|My first thought upon entering the store: "Wow, I didn't know Stickley
|My second thought, after inspecting the inlay work on a buffet: "Wow, I
|didn't know they had horse-drawn routers!"
|The use of modern power tools is apparent on some pieces, and I know
|the Amish (just like the large Mennonite communities where I grew up)
|have big, serious disagreements about the degree of modernity that they
|will permit. They periodically fracture over such issues, seek out
|others who agree with them, and establish new communities.
SWMBO and I have taken a couple of three-month long RV trips through
the American heartland. Her ancestors were brought up in Nebraska and
Iowa and on one trip we did a lot of poking around in tiny little
towns looking for gravesites and other genealogical stuff.
Also, our next-door neighbor's parents live in Spring Green, WI (Mecca
for the cultists that worship the murderous Frank Lloyd Wright) and we
have visited them on both trips. Leo, the neighbor's father, was born
in Spring Green and loves to tour us around in the backcountry. On
one of these tours we went to an Amish country store. We were loading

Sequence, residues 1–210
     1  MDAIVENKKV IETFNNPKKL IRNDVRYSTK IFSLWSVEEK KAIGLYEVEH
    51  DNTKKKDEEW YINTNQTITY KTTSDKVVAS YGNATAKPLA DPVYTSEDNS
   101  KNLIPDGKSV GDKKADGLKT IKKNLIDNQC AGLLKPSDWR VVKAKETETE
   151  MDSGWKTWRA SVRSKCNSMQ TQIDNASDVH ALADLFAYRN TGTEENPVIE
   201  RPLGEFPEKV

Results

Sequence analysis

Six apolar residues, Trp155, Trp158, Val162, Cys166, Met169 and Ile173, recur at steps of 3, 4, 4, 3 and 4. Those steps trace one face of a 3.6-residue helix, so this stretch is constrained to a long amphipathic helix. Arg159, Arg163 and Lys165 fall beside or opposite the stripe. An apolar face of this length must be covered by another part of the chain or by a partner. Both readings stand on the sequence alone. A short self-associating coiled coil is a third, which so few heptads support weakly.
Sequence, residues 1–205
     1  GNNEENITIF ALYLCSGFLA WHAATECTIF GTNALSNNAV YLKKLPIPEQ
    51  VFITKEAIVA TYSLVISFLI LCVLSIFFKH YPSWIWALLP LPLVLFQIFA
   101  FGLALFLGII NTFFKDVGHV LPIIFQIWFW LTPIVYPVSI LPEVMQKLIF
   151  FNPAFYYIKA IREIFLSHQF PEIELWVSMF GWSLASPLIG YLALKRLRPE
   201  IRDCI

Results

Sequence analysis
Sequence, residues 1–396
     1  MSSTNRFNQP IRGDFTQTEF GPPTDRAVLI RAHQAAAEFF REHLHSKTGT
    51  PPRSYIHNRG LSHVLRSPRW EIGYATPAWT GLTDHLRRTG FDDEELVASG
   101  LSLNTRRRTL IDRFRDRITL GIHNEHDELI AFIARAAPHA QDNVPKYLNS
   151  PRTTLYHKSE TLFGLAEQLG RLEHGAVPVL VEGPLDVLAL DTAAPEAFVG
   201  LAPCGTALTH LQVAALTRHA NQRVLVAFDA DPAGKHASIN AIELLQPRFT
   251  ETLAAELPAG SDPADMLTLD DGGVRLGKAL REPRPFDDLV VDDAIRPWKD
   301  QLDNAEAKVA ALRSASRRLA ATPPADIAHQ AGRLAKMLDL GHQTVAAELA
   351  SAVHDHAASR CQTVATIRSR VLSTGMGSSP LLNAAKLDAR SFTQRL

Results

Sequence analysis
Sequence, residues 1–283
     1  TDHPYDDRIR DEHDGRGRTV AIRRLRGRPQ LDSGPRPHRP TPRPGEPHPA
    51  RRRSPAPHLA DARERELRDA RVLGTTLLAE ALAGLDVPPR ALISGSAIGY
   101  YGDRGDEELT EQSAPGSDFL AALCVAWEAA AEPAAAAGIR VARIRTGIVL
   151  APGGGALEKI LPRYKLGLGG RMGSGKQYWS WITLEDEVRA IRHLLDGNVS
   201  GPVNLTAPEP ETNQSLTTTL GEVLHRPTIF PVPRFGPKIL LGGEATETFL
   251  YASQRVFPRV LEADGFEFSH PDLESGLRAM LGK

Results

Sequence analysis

up on fresh baked bread, preserves, etc. when I heard the drone of a
gasoline engine emanating from an out building.
I asked Leo, "What's up with that?" He told me that the local
government required them to refrigerate certain products if they were
to be sold to the public, so it was okay to have electricity if the
government "forced" it on them.
Similarly, we were in some tiny little town with lots of Amish riding
around in horse-drawn buggies, where we were doing research at city
hall. The town "historian" was a woman, who was also the Mayor.
During our conversation, I mentioned that we had visited a lot of
communities where "Amish furniture" was for sale and it sure looked
machine-made to me.
She said, "Oh yes, it is, but the Amish are allowed to work with
machinery, they just can *own* it." She went on to say that it was
just dandy for Amish to ride in cars, they just couldn't own them and
that they were in using her telephone all day long. But strictly for
I also recall seeing an article someplace (probably FWW) where an
Amish guy was using lots of power tools, but they had all been
converted to hydraulic motor drive. As long as they weren't electric
it was okay. Go figure.